Jens Nejstgaard (project coordinator) explains the importance of mesocosm facilities and why the AQUACOSM project and its facilities are unique.
Mesocosms are used to conduct well-replicated large-scale experiments to investigate how entire ecosystems react to different stressors. AQUACOSM is unique in combining such marine and freshwater facilities operating in rivers, lakes, estuaries and the ocean from the Arctic to the Mediterranean. AQUACOSM has more than 37 mesocosm facilities, 21 partners in 12 countries. The network contains the only open ocean facility in the world (KOSMOS at GEOMAR in Kiel, DE), the largest highly replicated freshwater mesocosms (IGB-LakeLab in Lake Stechlin, DE), the longest running freshwater mesocosm experiment (at Aarhus Univ., Silkeborg, DK), and the world’s oldest still running marine mesocosm facility (Espegrend, Univ. of Bergen, NO). Espegrend have offered “Transnational Access (TA)” to international experiments since its start in 1978, long before it was called so. AQUACOSM is the first specialised mesocosm network on all aquatic environments and builds on the successful marine FP7 MESOAQUA network. By the end of 2020, AQUACOSM will have offered more than 10 500 TA user days. The open access to these facilities, therefore, provides a unique opportunity to study local ecosystems and compare how other aquatic environments react to various stressors in the entire European area.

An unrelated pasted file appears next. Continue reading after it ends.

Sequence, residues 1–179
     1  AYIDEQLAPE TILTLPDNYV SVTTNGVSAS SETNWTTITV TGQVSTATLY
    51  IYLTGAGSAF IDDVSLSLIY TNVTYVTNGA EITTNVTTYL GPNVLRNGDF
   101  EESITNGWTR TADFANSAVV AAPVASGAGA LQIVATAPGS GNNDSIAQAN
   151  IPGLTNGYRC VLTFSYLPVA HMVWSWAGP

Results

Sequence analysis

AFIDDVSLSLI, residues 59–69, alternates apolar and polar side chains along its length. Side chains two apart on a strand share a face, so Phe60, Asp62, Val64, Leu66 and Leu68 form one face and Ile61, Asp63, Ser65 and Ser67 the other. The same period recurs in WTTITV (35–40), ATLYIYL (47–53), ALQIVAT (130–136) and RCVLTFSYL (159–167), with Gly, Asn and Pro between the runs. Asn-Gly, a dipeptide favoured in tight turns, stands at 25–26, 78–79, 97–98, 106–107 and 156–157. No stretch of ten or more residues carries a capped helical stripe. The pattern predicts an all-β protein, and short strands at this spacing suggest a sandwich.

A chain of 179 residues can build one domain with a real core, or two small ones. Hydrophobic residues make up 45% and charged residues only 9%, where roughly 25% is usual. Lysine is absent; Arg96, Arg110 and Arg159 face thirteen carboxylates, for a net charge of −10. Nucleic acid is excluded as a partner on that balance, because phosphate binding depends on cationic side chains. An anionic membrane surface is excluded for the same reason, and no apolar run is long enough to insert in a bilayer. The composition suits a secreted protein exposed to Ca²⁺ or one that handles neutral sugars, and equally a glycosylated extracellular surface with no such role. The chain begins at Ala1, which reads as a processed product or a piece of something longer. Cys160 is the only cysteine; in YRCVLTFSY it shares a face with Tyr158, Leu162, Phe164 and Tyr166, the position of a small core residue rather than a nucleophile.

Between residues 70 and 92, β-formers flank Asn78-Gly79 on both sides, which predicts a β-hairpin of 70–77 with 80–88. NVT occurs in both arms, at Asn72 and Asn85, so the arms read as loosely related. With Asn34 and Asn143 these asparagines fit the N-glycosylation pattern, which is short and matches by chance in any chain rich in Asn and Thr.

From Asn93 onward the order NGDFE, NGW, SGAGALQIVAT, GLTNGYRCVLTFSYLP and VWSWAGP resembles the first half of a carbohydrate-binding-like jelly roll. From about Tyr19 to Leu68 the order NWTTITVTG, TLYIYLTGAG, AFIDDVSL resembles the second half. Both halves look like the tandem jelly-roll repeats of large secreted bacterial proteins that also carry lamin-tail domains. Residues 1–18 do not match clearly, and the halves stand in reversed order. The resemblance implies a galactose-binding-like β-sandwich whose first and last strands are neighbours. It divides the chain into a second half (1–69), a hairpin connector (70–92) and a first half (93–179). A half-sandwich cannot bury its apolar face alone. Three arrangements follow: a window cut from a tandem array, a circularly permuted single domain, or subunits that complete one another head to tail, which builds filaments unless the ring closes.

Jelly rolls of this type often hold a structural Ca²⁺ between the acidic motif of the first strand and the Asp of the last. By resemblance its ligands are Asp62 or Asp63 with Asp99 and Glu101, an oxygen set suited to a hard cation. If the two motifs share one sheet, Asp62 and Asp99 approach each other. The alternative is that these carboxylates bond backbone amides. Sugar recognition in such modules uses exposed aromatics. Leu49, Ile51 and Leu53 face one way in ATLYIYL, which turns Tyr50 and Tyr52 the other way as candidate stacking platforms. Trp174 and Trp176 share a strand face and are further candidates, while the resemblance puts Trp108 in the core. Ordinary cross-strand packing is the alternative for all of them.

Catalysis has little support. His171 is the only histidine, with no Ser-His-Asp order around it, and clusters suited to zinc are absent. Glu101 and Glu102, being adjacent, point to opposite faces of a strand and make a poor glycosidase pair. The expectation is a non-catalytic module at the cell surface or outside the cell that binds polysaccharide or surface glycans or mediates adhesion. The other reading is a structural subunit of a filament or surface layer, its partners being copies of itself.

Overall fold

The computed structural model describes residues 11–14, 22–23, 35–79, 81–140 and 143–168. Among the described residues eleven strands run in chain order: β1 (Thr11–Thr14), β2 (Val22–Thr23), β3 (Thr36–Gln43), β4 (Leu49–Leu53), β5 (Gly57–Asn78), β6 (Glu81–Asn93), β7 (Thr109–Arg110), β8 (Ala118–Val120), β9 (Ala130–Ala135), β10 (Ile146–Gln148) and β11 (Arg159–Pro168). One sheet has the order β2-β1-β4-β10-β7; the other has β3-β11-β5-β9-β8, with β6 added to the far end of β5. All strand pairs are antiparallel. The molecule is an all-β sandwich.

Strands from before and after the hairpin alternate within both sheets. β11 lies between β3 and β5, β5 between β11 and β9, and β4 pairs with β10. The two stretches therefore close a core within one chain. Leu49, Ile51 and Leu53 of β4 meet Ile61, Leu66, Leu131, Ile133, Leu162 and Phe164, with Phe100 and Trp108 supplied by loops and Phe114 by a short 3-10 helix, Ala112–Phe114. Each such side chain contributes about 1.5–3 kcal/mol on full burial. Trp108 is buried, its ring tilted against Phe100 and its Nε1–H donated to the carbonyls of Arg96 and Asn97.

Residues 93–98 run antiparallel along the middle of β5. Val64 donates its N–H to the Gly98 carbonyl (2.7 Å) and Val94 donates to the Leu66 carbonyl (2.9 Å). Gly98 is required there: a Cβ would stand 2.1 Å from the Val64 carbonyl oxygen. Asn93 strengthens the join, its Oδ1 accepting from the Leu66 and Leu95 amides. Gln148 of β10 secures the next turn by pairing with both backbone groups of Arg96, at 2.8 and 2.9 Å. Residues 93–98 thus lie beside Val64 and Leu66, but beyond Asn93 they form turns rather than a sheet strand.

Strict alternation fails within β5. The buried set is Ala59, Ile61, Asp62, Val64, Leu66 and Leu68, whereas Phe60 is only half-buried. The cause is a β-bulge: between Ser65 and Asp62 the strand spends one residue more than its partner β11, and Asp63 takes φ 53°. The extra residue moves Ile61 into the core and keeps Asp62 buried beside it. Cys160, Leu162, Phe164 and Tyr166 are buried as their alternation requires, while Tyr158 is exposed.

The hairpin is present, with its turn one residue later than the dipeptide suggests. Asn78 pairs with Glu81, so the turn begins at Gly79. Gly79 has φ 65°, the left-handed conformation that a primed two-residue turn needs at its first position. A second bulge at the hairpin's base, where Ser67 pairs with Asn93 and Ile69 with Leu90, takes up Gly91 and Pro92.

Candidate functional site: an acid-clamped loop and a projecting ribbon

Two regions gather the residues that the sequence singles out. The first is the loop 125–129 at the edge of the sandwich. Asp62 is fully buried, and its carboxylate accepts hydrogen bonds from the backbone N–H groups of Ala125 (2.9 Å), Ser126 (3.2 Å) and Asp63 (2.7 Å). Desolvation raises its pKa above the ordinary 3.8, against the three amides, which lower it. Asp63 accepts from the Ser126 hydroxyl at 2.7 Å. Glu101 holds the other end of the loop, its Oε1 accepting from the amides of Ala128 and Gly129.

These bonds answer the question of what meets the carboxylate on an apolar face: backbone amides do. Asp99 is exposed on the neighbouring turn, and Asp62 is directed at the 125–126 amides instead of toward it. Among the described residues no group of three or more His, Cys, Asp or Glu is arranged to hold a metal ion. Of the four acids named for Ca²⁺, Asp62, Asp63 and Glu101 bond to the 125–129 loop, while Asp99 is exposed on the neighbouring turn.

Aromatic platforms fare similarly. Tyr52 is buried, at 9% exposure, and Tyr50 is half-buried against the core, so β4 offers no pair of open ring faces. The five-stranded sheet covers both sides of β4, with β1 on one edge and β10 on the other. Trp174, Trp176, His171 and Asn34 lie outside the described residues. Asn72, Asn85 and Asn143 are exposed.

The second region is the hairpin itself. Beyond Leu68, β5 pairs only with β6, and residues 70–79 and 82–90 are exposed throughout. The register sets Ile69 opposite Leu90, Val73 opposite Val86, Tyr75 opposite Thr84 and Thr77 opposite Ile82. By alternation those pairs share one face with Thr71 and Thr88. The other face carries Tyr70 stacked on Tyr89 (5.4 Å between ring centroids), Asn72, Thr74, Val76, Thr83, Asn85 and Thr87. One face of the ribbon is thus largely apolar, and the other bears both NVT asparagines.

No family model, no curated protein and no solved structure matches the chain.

The facilities enable scientists to forecast how each ecosystem may respond to specific stressors and address some of the “big questions” such as what effect will warming have on European aquatic environments.
Jens sees collaboration and integration between the AQUACOSM infrastructures and other infrastructure networks and as key to global ecosystem management stating that “International collaboration with other leading infrastructure networks is critical when planning for better global ecosystem functioning in the future. In AQUACOSM we wish to embed aquatic mesocosm facilities directly in areas of long-time studies (LTER) and when possible directly combine them with other, e.g. terrestrial and atmospheric large-scale experimental and monitoring facilities- to make up so called SUPER SITES. We have started a pioneering collaboration with the international networks iLTER network and AnaEE to make this happen”.
The video was taken as part of the ENVRIplus meeting (http://www.envriplus.eu/2017/08/23/5th-envri-week-will-be-held-in-malaga/) in Malaga 6-10 Nov 2017, where Stella Berger and Jens Nejstgaard represented AQUACOSM in the BEERI (http://www.envriplus.eu/beeri/).
AQUACOSM will form part of the forthcoming EGU meeting http://envri.eu/event/envri-community-at-egu-2018/.